- Stand with your feet shoulder width apart and arms raised above your head
- Drive your arms down pulling yourself into a squat
- Immediately explode up by driving your feet into the floor and getting as tall as you can
- Land the jump as quietly as you can by dropping back into a squat
- Immediately explode off the floor again
This exercise is a great exercise to work on jump technique. As mentioned above improving the coordination of the arms in jumping alone can have a significant impact on jump height. It will also help volleyball players through training muscular power in the lower body.
Power exercises are ones that train the rate of force production at higher speeds. The emphasis of these exercises is to move ballistically.
Overhead Ball Slam
This is an exercise to build power in the arms and core. It requires only a 2-8lb ball and a place to throw it.
- Stand feet shoulder width apart with a med ball in your hands
- Lift the ball overhead and throw the ball down as hard as you can, like you were spiking the ball
It translates well to hitting as it works specifically on the ability to drive the arm from overhead down and connecting the arms and core to produce rapid force.
Trap Bar Jumping Squats
This would be a power exercise more suited to experienced lifters. It requires comfortability with jump technique as well as using weights. It would be important that someone is comfortable deadlifting 5x the weight of the trap bar before starting to do trap bar jumping squats.
- Load a trap bar with no more than 20% of your max trap bar squat
- Hold the handles and perform a jump for a squatting position
- Land as quietly as possible
This exercise will help with power production, especially power for jumping. By training with increased resistance, athletes can learn to move more load that body weight at quick speeds.
Strength training exercises improve overall muscular strength, providing a foundation for power development and reducing the chances of injury.
Deadlifting is an exercise that build strength in the lower body and core posture. Once someone masters technique, they can continually add weight to get stronger and stronger.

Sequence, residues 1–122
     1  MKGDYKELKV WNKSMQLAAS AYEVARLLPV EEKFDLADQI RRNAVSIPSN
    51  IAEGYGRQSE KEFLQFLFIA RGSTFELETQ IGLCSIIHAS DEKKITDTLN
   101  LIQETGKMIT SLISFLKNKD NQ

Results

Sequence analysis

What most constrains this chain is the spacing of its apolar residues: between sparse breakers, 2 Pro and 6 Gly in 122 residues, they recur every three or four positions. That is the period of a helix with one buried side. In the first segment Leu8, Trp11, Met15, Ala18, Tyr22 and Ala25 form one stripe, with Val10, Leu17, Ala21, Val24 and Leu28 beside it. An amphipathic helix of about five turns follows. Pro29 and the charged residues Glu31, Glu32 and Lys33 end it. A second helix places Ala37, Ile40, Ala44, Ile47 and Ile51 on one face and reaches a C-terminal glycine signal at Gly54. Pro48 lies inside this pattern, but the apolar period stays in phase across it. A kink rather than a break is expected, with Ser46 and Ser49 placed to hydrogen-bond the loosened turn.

- Hold a bar or dumbbells in your hands while standing tall
- Squeeze your the air out of your armpits or if you are using a bar, try to bend it around your legs
- Push your hips for the wall behind you
- Push the ground away to stand tall
Deadlifting develops strength in your hip hinge, which is a key part of how high you can jump. Hip hinging is a fundamental part of producing power for a jump. By mastering this movement at slow speeds, athletes are able to progress to power exercises that use these movement patterns like kettlebell swings, olympic lifts, trap bar jumps and plyometrics.
Improves your leg strength, especially for jumping.
- With feet shoulder width apart, pull yourself into the squat like you are sitting on a chair
- Push the ground away to stand back up tall
- Try to keep your torso more vertical than the shins
Most volleyball movements use the squatting pattern, defensive position, jumping to serve, block, set, hit and moving laterally. By building strength in the squat, volleyball players will become less fatigued in defensive posture, and be able to jump higher.
Pull ups are an upper body strength exercise the requires pulling your chin up over a bar from hanging. As it does require significant upper body strength, it may mean novice and intermediate lifters will need assistance.
- Grab the bar wider than shoulder width with your palms facing away from you
- Imagine you are bending the bar over your head as you drive your head up
- Control down
This exercise helps volleyball players by improving the function and stability of the shoulder stabilizing muscles in an overhead position, important for slowing down the arm and injury reduction. It will also build strength in the lat muscle which can increase the power of the spike.
Other Strength & Conditioning Articles
- Sprint Workouts For Volleyball (6 Examples)
- 5 Best Ab Exercises for Volleyball Players (Sample Workout)
In summary, competitive and recreational players will all benefit from lifting weights. These benefits will include improved coordination, power and reduce chances of injury.
How often and the focus of weight training depends on age, weight training experience and whether someone is in season or in the off season. But, incorporating a combination of strength, power and plyometrics exercises will improve on court performance.
About The Author
Ian started his strength and conditioning career working with elite youth volleyball athletes. Before coaching, he completed a BSc in Biomechanics at the University of Calgary. He has over a decade of experience working as a kinesiologist and strength and conditioning coach, with teens to octogenarians in positions with community gyms to elite sport. Outside of coaching, you can find Ian learning new sports, skiing, river surfing, hiking, and traveling. If you have questions or are interested in opportunities to work with Ian, connect with him via Instagram, Linkedin, or Website.